Similarly, Weslander Quaid, Public Sector Chief Technology Officer and Innovation Evangelist at Google, emphasized that students need to discover what interests and excites them and then pursue purposeful possibilities around that passion. In school, she enjoyed and excelled in a broad range of subjects to include theater, music, history and creative writing, as well as STEM. Weslander Quaid was fascinated with space and dreamed of traveling into space someday, and, per the encouragement of her high school physics teacher, she decided to pursue a technical track and entered college as a physics major. At her university, she was exposed to the field of engineering and added a second major in engineering science, recognizing the value of the practical application of science through engineering.
Weslander Quaid’s career has been chronicled as a continuous state of discovery, bold pioneering and challenging the status quo, leading change, and innovative technology application to solve difficult problems.
“The skills you learn in STEM — analysis, critical thinking, problem solving, testing out hypotheses, decision making — will help you later in life no matter what you do,” Weslander Quaid said. STEM can be challenging, and the persistence students develop by sticking with a hard problem until they solve it will benefit them in life as they face many other challenges. “STEM doesn’t have to come easy to you in order for you to be successful in this field,” she said. Good communications skills are important. Being able to convey complex technical concepts in a way that is easy for a non-technical audience to understand is a major asset. Adaptability is also key. “Students graduating today will have jobs in fields that have not been invented yet, and future technology breakthroughs will lead to new careers. That’s why the life skills you learn through STEM are important as you follow your passion and find your purpose.”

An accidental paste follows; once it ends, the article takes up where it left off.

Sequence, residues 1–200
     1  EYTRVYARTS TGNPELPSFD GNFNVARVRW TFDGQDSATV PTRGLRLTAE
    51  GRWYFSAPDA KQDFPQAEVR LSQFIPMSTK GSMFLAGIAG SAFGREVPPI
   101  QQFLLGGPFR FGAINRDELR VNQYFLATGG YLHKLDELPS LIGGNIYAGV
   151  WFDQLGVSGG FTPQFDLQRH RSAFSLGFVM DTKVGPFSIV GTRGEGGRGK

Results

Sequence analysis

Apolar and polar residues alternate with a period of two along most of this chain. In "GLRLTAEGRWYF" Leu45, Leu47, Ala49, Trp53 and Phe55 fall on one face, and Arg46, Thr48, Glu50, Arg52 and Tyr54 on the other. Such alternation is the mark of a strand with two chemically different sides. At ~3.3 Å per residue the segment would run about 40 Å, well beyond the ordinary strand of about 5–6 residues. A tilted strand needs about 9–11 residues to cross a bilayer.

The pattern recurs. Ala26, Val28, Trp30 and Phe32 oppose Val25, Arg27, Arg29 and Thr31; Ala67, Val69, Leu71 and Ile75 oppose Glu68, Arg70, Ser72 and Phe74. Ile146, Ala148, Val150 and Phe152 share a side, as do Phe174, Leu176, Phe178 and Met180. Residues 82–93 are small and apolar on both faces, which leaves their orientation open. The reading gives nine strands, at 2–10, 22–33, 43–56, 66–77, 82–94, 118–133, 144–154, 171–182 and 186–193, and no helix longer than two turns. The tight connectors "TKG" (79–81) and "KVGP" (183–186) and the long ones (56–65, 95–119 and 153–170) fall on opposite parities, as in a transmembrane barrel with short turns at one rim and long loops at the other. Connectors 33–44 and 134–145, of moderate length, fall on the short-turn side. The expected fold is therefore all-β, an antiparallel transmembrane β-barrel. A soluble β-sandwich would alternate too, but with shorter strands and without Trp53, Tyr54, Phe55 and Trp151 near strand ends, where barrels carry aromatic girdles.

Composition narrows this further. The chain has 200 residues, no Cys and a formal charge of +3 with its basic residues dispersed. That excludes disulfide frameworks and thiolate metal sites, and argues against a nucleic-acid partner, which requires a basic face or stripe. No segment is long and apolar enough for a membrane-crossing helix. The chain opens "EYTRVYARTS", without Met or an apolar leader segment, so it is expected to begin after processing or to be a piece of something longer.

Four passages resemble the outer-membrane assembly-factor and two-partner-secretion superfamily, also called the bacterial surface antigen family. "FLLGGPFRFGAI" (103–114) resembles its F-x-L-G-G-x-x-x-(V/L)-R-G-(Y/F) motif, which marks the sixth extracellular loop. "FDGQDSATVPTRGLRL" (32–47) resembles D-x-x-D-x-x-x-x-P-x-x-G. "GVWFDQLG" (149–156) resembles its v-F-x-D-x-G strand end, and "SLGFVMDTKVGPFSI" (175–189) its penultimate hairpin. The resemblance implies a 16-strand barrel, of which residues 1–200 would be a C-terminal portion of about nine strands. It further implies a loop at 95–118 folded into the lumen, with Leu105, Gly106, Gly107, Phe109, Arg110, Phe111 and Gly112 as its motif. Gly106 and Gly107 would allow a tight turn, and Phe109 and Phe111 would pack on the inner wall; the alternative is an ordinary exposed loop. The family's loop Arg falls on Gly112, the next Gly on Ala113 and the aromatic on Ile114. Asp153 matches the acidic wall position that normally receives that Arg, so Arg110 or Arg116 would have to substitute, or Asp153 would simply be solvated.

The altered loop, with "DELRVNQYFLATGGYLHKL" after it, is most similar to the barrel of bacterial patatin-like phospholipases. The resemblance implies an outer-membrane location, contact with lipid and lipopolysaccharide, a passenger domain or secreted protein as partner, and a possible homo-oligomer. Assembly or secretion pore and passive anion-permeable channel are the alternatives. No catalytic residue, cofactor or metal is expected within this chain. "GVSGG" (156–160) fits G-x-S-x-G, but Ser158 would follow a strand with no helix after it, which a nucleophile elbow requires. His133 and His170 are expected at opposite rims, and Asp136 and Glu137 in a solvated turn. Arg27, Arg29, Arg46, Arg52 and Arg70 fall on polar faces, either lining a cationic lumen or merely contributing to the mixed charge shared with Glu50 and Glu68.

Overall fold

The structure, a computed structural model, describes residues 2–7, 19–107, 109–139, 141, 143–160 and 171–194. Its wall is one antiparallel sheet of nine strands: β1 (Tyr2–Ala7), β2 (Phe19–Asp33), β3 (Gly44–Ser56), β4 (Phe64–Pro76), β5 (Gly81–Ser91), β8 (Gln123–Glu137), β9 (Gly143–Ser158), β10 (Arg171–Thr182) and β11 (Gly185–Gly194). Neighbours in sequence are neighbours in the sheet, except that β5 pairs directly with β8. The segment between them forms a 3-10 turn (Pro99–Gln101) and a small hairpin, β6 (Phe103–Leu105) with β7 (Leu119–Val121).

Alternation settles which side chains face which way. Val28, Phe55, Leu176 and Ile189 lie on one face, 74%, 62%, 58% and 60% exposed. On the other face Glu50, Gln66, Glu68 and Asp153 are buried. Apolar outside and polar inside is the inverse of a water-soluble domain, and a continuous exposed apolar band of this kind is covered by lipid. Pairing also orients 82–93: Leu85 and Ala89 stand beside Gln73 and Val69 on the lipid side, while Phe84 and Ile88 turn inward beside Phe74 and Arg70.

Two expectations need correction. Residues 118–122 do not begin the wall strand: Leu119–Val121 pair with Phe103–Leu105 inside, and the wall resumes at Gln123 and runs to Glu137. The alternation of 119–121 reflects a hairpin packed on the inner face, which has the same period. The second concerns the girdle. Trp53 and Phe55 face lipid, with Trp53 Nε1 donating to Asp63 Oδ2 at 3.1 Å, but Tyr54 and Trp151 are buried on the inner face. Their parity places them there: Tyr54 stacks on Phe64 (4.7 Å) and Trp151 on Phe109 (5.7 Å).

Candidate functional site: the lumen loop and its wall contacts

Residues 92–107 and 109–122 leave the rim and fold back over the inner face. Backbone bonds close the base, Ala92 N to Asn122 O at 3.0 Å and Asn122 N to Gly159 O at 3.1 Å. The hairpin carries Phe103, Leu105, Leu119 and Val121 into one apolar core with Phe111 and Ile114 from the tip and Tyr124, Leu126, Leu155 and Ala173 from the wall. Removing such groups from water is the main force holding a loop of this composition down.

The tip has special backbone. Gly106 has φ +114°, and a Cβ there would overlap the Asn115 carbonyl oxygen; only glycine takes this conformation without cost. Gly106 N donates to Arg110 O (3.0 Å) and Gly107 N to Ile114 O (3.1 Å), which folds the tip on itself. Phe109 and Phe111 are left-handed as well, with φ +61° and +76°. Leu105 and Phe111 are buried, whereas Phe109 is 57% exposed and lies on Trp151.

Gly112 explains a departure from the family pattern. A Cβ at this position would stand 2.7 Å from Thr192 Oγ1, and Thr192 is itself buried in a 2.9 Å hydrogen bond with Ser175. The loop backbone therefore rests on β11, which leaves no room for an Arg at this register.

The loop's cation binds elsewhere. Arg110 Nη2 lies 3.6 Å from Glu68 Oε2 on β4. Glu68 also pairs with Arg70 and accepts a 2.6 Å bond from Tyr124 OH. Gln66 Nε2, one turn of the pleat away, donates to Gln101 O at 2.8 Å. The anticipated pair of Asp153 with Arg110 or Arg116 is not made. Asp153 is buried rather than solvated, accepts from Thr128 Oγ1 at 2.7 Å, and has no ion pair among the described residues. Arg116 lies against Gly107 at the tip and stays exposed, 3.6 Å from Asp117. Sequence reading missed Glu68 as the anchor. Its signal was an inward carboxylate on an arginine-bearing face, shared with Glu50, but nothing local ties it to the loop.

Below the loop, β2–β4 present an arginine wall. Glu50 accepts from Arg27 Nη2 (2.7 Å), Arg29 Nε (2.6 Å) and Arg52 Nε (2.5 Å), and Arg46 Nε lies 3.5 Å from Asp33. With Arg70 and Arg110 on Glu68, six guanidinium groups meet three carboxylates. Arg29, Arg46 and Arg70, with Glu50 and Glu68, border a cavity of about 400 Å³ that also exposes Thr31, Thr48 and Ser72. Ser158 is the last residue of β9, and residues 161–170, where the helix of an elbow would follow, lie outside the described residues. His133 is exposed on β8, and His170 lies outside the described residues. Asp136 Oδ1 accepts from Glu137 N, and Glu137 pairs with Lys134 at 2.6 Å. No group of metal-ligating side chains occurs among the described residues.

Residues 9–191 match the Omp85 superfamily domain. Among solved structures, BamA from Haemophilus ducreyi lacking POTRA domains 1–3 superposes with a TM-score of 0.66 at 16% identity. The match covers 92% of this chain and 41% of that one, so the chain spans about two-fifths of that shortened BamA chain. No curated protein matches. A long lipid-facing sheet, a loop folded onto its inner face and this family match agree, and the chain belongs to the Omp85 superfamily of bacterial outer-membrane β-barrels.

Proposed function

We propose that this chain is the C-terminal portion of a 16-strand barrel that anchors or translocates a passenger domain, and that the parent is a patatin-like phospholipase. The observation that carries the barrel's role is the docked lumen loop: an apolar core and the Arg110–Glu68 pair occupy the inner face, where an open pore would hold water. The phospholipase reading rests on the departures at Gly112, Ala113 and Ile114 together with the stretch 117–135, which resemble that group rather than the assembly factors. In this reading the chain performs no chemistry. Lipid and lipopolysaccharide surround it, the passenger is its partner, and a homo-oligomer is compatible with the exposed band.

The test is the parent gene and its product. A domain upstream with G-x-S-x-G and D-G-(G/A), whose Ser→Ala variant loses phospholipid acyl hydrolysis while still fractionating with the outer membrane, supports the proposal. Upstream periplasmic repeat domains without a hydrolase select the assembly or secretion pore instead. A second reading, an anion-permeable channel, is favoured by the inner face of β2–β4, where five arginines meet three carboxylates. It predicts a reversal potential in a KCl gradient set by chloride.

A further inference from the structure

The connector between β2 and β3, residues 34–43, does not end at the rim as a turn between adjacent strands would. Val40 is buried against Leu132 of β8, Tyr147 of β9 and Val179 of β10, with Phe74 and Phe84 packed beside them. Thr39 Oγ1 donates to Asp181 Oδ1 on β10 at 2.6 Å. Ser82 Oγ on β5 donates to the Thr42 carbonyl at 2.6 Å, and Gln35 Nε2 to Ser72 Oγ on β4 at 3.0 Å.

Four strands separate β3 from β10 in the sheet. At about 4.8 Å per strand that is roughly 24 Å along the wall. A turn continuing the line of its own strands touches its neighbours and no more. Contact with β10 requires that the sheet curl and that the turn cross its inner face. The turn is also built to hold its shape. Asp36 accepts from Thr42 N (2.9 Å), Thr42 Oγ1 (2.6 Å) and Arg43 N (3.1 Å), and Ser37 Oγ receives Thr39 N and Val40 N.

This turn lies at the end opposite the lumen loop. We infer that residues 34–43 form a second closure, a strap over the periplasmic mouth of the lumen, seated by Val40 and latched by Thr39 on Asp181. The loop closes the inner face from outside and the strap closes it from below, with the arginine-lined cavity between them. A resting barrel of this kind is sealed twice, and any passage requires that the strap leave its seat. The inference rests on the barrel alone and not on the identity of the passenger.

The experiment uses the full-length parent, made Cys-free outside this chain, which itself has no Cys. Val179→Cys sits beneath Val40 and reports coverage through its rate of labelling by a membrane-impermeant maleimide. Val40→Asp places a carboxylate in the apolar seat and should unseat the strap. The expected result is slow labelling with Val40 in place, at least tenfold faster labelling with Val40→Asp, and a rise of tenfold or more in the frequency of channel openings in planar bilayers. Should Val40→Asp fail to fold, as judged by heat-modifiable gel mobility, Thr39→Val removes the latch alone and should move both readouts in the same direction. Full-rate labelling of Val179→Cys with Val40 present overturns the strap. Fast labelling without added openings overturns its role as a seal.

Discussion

“Google looks for tech savvy people with leadership skills, who challenge the process and don’t want to accept the world how it is today, have a bias for action and a healthy disregard for the impossible.”
Ed Swallow, vice president of Business Development for the Federal and Defense Technologies division of Northrop Grumman’s Information Systems Sector, in introducing the event, told attendees that the STEM Council didn’t want to sit around and admire the problem of students not entering STEM fields but to “get something done.”
Throughout the day’s panels, speakers often referenced inflection points that caused them to pursue work in STEM as a means of inspiring the parents and children. For Swallow, that trigger was in fourth grade.
“I got to go to my first science fair,” he said. “My school didn’t have one, so I went to a fair in a nearby school district…That became the event that made me think, ‘I want a career in math or science.’”
The Nysmith School, where the event took place, just celebrated its 30th year. At that time the school began implementing science as a daily part of the curriculum. Instruction has only become more focused on science and technology-related subjects since then. Ken Nysmith, headmaster of the school, spoke of it being a new day when it comes to educating youth in the United States and the need to push STEM.
“We’re at the beginning of a new revolution,” he said. “We’re talking about the future.”
Photos by Abigail Gorden.